Fortress picked Edwards for his work as co-chair of a Council on Foreign Relations task force on U.S.-Russia relations. According to BusinessWeek, during the 2004 presidential campaign, Fortress employees’ political action committee contributed $4,000 to Edwards and $143,650 total to Democratic candidates for Congress and the White House.
The conservative New York Post took Edwards to task in January when it observed the contradiction between Edwards’ talk about “two Americas” and his own $4.3 million North Carolina home. They titled the article about the 100-acre estate near Chapel Hill, N.C., complete with indoor basketball court, “Estate of Denial.”
Of course, the millionaire Edwards isn’t alone among the candidates with a less-than-modest lifestyle–the Clintons have two homes worth more than a million dollars.
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What Edwards’ campaign shows is that some Democrats are seeing the need to talk the populist talk.
At a Democratic Party forum on February 2, “Edwards drew a rousing reception with a sharp attack on Bush’s plan to send more troops to Iraq and a populist appeal for Democrats to return to their roots as defenders of the union workers, the poor and struggling middle-class families,” reported the Washington Post. “‘In times like these, we don’t need to redefine the Democratic Party,’ he said. ‘We need to reclaim the Democratic Party.'”
But as a long line of Democrats have proven in the past, walking the walk will be a different matter. Edwards may have donned a populist veneer for the beginning of the race for the president, but where will that populism go if he makes it into office?
Bill Clinton could serve as a likely model. With the mantra “It’s the economy stupid,” Clinton’s 1992 presidential campaign took up several economic demands to gain support from unions and workers in general–health care reform, an increase in the minimum wage and a ban on employers using replacement workers (scabs) during strikes, a middle-class tax cut.
But when he got into office, “fiscal responsibility” and “shared sacrifice” became the new catchphrases. Not only did he renege on his promises to improve the lives of American workers, but he went further in making them worse. The Clinton administration pushed through the NAFTA free-trade deal, gutted welfare and stopped talking about universal health care.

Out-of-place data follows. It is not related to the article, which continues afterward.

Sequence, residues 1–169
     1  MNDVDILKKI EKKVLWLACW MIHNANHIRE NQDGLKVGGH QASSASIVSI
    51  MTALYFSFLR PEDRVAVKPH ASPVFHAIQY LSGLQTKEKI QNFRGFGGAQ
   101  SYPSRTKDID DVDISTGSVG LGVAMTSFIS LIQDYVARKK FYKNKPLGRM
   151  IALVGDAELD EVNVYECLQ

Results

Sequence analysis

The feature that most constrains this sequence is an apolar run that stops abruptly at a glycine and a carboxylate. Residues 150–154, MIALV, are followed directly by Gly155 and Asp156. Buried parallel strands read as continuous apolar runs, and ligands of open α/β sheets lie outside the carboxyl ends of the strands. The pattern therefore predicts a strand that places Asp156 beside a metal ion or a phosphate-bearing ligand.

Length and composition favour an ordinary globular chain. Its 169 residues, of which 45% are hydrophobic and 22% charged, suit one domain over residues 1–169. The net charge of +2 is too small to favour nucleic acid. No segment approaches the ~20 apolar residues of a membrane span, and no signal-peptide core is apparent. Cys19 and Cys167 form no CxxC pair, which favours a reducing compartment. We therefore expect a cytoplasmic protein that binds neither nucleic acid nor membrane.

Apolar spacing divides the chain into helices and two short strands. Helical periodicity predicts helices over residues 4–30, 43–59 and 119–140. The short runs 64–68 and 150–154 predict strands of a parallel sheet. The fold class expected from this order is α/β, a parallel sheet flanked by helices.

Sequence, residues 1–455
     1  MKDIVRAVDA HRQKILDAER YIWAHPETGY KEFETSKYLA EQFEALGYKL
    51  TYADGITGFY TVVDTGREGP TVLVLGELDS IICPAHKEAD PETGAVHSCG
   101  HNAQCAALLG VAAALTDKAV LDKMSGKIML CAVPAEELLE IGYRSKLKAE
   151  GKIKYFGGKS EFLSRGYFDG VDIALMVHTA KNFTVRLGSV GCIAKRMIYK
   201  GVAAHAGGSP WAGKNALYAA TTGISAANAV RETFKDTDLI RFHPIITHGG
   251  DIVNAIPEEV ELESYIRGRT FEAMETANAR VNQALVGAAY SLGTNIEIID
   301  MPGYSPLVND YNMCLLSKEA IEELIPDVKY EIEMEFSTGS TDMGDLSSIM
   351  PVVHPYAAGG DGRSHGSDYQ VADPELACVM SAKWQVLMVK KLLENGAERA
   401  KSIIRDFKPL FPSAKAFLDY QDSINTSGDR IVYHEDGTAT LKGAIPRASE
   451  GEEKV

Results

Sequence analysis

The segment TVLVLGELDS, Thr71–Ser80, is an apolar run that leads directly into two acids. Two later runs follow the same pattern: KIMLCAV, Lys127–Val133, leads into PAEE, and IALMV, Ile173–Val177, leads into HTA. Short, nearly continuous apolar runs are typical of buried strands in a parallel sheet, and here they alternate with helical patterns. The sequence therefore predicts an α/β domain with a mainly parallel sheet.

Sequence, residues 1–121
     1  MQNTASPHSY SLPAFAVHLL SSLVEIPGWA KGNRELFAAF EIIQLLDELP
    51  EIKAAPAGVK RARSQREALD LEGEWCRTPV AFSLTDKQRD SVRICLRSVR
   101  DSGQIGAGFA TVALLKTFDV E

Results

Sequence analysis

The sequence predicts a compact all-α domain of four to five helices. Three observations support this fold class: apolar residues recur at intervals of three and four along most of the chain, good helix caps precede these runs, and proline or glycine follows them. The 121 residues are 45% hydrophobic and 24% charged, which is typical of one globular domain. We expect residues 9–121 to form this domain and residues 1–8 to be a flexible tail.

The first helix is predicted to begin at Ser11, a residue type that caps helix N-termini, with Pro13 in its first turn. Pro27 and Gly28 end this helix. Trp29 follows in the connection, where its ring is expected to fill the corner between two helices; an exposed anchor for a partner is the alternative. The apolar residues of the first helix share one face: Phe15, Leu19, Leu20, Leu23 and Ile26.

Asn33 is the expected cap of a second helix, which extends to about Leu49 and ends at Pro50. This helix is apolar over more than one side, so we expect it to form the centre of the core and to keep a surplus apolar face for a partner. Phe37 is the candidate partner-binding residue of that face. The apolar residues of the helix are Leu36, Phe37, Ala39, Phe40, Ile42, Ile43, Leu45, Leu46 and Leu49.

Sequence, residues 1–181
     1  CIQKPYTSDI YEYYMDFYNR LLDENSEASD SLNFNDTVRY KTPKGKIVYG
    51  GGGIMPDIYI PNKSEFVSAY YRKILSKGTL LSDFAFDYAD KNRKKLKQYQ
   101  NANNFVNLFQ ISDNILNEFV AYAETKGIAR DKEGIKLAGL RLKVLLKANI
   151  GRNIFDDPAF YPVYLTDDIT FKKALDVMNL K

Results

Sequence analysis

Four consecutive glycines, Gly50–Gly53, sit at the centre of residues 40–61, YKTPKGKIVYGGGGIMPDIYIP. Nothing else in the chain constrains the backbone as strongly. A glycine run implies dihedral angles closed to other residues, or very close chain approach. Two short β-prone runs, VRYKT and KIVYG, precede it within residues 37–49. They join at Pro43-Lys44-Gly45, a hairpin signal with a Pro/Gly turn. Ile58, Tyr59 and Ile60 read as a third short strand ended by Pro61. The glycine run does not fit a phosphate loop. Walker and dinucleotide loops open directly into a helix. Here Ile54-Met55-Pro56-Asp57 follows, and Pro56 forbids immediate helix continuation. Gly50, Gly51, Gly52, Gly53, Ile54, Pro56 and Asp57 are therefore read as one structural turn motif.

During the race for the Democratic nomination in 2004, we didn’t even have to wait for a Democrat to get into office to see what the party’s real priorities were. By the time the Kerry-Edwards campaign met its crushing defeat, their mantra was about being “tough on terrorism” and “balancing the federal budget.”
They were concerned about satisfying a different audience, which might be put off by populist rhetoric. As journalist Chris Hedges wrote recently, “If Gore, or Kerry, had the spine to take [Bush] on, to challenge corporate welfare, corporate crime, the hundreds of billions of dollars in corporate bailouts and issues such as labor law reform, if either had actually stood up to these corporate behemoths on behalf of the working and middle class, rather than mutter thought-terminating clichés about American greatness, he could have won with a landslide. But Gore and Kerry did not dare to piss off their corporate paymasters.”
All the rousing rhetoric in the world doesn’t mean that the Democrats will work in our interests–unless they’re forced to.
During the Great Depression of the 1930s, when the Democrats acquired much of their pro-worker reputation, the political rulers of American had concluded they had to provide some aid to starving workers, or risk even greater upheaval. So while Democrat Franklin Roosevelt is remembered for his administration’s anti-poverty programs, the real instigators were workers and the poor themselves–who organized to stop evictions and form unions.
For some, Lyndon Johnson’s name is synonymous with the “war on poverty,” but it wouldn’t have happened if not for the struggles of the civil rights movement.
When politicians like John Edwards start using populist rhetoric, it’s a sign of the bitterness of ordinary people toward the Washington status quo. Campaign promises from the likes of Edwards and Barack Obama to do something about poverty or health care can raise the confidence of working Americans to expect and demand more.
But in the end, it will take struggle to get politicians like Edwards who talk about the “two Americas” to answer to the demands of the America they forget about once in office–the one that works for a living.
ELIZABETH SCHULTE writes for the Socialist Worker.